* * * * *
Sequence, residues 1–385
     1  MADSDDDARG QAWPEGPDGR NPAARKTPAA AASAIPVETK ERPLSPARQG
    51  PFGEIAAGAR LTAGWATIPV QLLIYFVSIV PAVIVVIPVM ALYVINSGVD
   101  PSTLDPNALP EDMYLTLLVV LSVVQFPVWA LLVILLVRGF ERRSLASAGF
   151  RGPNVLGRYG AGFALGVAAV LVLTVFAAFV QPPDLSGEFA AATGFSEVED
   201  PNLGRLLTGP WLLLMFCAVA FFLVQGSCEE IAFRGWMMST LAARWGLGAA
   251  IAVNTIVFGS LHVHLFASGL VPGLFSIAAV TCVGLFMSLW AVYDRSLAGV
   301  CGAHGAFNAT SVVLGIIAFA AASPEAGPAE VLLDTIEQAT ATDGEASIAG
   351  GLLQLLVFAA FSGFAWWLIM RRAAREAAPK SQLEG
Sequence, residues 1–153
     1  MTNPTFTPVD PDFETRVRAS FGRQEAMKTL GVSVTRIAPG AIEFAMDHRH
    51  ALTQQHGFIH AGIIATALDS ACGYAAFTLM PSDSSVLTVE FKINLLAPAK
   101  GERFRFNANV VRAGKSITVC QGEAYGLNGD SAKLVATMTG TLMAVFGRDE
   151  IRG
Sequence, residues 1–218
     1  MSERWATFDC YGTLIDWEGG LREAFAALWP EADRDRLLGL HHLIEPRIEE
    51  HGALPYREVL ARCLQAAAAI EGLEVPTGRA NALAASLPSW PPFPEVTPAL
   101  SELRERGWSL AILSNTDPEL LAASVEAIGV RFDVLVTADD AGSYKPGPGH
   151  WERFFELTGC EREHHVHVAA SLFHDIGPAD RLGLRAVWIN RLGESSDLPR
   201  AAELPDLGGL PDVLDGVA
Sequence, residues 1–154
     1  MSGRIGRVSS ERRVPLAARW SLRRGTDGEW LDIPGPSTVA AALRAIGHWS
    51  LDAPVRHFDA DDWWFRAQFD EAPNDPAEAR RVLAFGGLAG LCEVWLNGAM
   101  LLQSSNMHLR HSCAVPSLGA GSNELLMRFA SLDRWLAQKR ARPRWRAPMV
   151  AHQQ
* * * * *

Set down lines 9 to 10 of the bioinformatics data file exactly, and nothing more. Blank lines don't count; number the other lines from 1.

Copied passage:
   351  GLLQLLVFAA FSGFAWWLIM RRAAREAAPK SQLEG
Sequence, residues 1–153